Many parents are working, some from home and some outside of the home, and having the kids home every day has been a hardship. Arranging for supervision and trying to manage their children’s online schoolwork has been difficult to do, so many parents are looking forward to having their kids back in school.

But returning to school in person has millions of people worried about the risks. Parents are understandably concerned about the health and safety of their children, and teachers are worried about exposure to the virus themselves, and the possibility that they could carry the virus home to their own families.

Innovation and Creativity Offer Solutions

In light of the uncertainty, parents are stepping up to the challenge and are creating their own solutions. This fall “school” will look very different for many families. Here are 5 options parents are choosing for their children.


Across the U.S., there has been a surge in interest from families who are seriously considering homeschooling. Many parents discovered last semester that they were more capable than they gave themselves credit for. Schools were scrambling to provide some type of academic activity, and many parents ended up being de facto teachers. And decided they liked it. So rather than depend on the school district to make a decision for the good of their family, parents are going to take on the challenge themselves.

Private School

Private schools are reporting an increase in inquiries from parents looking for options. Private schools, on average, have smaller class sizes and are not governed by the same restrictions as public schools. Many parents need their children to be in school so they can work, and they feel a private school may be better able to implement safety measures for their children.

Pods – In Person “Micro Schools”

Chatter on social media and online parent groups is showing an increasing interest in forming small private groups of students called pods. A couple of families get together and pool their resources, creating a classroom environment in one of their homes. Some pods are all family members, some are neighbors, and they are either sharing homeschooling duties for the group or they are pooling resources and hiring a tutor or teacher to come to their in-home classroom and work with the small group. It’s a modern take on the old one-room schoolhouse concept.

Mini Pods – Online

Very similar to the in-person pods or micro schools, this is a variation that allows for the teacher or tutor to conduct classes in a virtual environment. There are a lot of different conferencing or online schooling platforms that can handle live sessions with a teacher and several students at once.

Regular School Plus Tutoring

For many parents, these options may not work, and they are going to go with whatever their local schools plan to do while supplementing their child’s education with some regularly scheduled private tutoring. Many children lost ground academically when schools were forced to put together an online alternative, and parents are finding that having the one-on-one attention and support of a tutor is the best way to help their kids stay on track. Whether kids are attending school in person or online, the reality of teaching a large group of students at once is that some students are going to fall behind, some students are high achievers and will be bored. For these students, individualized private tutoring is an option growing in popularity.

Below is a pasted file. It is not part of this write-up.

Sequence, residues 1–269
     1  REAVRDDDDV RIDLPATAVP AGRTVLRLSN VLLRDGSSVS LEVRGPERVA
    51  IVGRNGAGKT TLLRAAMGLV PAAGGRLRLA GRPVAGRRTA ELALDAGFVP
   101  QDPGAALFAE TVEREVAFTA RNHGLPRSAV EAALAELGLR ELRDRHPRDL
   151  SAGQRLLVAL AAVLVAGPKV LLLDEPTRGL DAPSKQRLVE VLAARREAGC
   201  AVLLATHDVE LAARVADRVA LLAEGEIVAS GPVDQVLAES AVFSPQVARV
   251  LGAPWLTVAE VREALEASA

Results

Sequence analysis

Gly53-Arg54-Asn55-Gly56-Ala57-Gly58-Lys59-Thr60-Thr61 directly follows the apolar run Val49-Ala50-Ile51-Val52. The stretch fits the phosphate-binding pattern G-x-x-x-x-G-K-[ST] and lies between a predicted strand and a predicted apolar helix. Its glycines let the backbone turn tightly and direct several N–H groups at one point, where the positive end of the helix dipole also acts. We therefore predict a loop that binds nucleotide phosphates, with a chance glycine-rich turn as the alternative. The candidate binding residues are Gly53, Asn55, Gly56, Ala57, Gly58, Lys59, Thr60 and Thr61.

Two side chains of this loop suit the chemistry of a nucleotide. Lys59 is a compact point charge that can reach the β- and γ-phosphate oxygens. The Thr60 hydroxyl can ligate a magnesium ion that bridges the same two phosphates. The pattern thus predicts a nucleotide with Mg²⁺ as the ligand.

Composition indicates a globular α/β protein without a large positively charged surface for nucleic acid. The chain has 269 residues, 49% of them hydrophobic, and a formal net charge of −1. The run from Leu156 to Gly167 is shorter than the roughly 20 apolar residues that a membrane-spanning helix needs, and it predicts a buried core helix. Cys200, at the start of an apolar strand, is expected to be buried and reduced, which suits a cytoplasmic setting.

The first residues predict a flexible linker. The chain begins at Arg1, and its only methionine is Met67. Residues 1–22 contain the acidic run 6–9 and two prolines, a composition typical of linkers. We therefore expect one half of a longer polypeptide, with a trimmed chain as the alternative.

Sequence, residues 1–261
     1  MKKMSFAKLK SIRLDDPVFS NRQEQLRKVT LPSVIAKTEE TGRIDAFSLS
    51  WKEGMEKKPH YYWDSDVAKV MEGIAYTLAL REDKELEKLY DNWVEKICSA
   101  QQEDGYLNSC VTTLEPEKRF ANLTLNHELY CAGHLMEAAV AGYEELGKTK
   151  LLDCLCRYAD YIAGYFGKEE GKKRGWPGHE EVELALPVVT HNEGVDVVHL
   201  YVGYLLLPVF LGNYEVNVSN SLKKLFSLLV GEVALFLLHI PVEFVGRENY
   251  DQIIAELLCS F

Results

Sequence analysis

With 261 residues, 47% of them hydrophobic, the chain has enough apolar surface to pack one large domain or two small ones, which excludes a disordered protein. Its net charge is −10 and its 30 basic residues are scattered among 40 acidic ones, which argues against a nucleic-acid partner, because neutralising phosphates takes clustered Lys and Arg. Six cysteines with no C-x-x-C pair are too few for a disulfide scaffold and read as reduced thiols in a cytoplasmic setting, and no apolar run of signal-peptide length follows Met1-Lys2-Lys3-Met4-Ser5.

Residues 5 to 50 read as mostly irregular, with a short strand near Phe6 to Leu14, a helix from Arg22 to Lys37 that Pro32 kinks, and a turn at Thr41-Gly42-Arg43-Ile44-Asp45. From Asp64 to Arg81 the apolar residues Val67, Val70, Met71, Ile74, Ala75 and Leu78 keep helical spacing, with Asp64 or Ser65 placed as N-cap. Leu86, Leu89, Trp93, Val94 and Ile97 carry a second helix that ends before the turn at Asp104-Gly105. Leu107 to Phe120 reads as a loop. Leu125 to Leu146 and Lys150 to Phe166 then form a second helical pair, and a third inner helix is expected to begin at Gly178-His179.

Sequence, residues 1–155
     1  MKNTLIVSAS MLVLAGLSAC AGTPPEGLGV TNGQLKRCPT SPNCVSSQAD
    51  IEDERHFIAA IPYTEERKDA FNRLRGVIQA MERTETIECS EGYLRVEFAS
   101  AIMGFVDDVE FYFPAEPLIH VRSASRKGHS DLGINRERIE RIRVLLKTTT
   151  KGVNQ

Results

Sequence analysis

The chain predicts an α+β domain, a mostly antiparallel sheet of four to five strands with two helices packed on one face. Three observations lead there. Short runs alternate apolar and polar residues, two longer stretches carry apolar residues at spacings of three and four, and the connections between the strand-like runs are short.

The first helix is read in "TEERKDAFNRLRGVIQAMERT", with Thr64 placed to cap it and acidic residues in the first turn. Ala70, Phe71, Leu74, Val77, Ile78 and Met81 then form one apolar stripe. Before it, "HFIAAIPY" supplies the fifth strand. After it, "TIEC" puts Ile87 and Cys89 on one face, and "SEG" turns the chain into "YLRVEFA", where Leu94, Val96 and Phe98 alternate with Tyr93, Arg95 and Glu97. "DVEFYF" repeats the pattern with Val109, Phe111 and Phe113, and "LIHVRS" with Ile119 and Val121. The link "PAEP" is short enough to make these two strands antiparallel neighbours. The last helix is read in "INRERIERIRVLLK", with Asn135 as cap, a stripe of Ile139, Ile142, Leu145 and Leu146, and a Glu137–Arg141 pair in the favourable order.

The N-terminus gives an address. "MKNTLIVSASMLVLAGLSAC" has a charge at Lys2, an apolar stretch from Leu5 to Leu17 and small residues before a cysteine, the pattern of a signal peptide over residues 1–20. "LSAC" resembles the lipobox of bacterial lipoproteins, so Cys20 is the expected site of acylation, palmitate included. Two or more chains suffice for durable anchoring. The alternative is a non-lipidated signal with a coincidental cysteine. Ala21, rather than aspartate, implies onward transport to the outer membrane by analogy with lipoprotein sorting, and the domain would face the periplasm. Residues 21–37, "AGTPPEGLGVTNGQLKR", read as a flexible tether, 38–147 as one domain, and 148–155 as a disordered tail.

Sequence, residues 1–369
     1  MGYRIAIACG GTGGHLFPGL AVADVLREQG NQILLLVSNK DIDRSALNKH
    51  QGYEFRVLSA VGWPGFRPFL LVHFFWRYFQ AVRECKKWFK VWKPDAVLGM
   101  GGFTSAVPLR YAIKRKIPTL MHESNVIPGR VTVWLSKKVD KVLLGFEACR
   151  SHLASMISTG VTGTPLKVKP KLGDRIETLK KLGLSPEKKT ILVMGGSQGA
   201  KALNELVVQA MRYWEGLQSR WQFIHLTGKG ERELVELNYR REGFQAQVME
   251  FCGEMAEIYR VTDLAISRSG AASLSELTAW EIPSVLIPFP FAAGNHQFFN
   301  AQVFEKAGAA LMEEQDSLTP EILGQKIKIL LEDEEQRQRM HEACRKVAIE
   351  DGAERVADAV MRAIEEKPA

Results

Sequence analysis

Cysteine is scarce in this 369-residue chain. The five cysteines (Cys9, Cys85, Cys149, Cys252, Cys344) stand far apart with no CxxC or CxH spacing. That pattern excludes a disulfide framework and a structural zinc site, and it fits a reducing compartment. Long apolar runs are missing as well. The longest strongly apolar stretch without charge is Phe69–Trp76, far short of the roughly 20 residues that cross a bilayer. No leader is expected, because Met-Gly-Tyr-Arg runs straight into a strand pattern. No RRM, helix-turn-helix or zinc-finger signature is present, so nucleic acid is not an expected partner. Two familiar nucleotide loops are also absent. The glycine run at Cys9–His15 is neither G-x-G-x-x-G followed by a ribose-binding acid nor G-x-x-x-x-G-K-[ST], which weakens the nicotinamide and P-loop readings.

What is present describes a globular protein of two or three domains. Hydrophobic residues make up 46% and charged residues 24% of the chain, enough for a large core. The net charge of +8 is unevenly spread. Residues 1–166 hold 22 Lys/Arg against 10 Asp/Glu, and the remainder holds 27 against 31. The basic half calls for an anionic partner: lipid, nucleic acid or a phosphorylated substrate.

For the 2020 school year, one thing is certain – it’s going to look far different from what we’ve all gotten used to.

How the COVID-19 Quarantine is Impacting Tutoring

How the COVID-19 Quarantine is Impacting Tutoring

Most students across the United States have experienced a shorter-than-normal school year so far in 2020. Many students haven’t stepped inside of a school since March, and aren’t sure when school will start again in the fall or what it will look like when they go back.

Different school districts had varying degrees of success with presenting online classes for their students, but the majority of schools weren’t really set up for that. It was still one teacher for a group of students, with even less time to devote to one-on-one support than normal.

A report in The New York Times showed many students falling months behind in their academic progress “with some losing the equivalent of a full year’s worth of academic gains.” The after-effects of the quarantine will continue even after in-person school resumes. “High school dropout rates could increase, researchers say, while younger children could miss out on foundational concepts in phonics and fractions that prepare them for a lifetime of learning and working.”

It has been difficult for some students to be consistently engaged in online school as some had to share access to a computer with siblings or parents who were working from home. The multi-student classroom setup with one teacher leading instruction left a lot of students bored and distracted.

How Tutoring Can Help

Private tutoring, whether online or in person, provides the one-on-one personalized instruction that students need in order to catch up. When a teacher is able to focus on one student at a time, they can quickly assess the student’s needs, design instruction around that, and deliver the kind of learning experience that best suits each child. They are also able to gauge student achievement and tie it together with student and parent goals.

Many free online activities and programs are available that can keep kids busy and involved in “educational” activity, but it is not a substitute for having a certified teacher provide individual private lessons specifically in the subject areas a student is lacking.

Not All Tutoring Services are the Same

As parents struggle with their own work/home demands, and worry about the lost opportunities for learning that their children have suffered due to school shutdowns, more parents are turning to private tutoring to close the gap. Tutoring as a whole has been growing in popularity worldwide, but the introduction of the COVID-19 quarantine has caused demand to explode. As a result, many services are available for parents to consider, but not all private tutoring is the same.

At TutorUp, all of our tutors are certified, experienced, background-checked teachers. Teachers are trained to assess, create lessons, employ multiple teaching methods, motivate, adapt, and evaluate. Besides being subject matter experts in the field and grade level they are certified in, teachers have a commitment to student success. All sessions, whether online or in person, are individualized and provide the kind of one-on-one attention and support parents expect from private tutoring.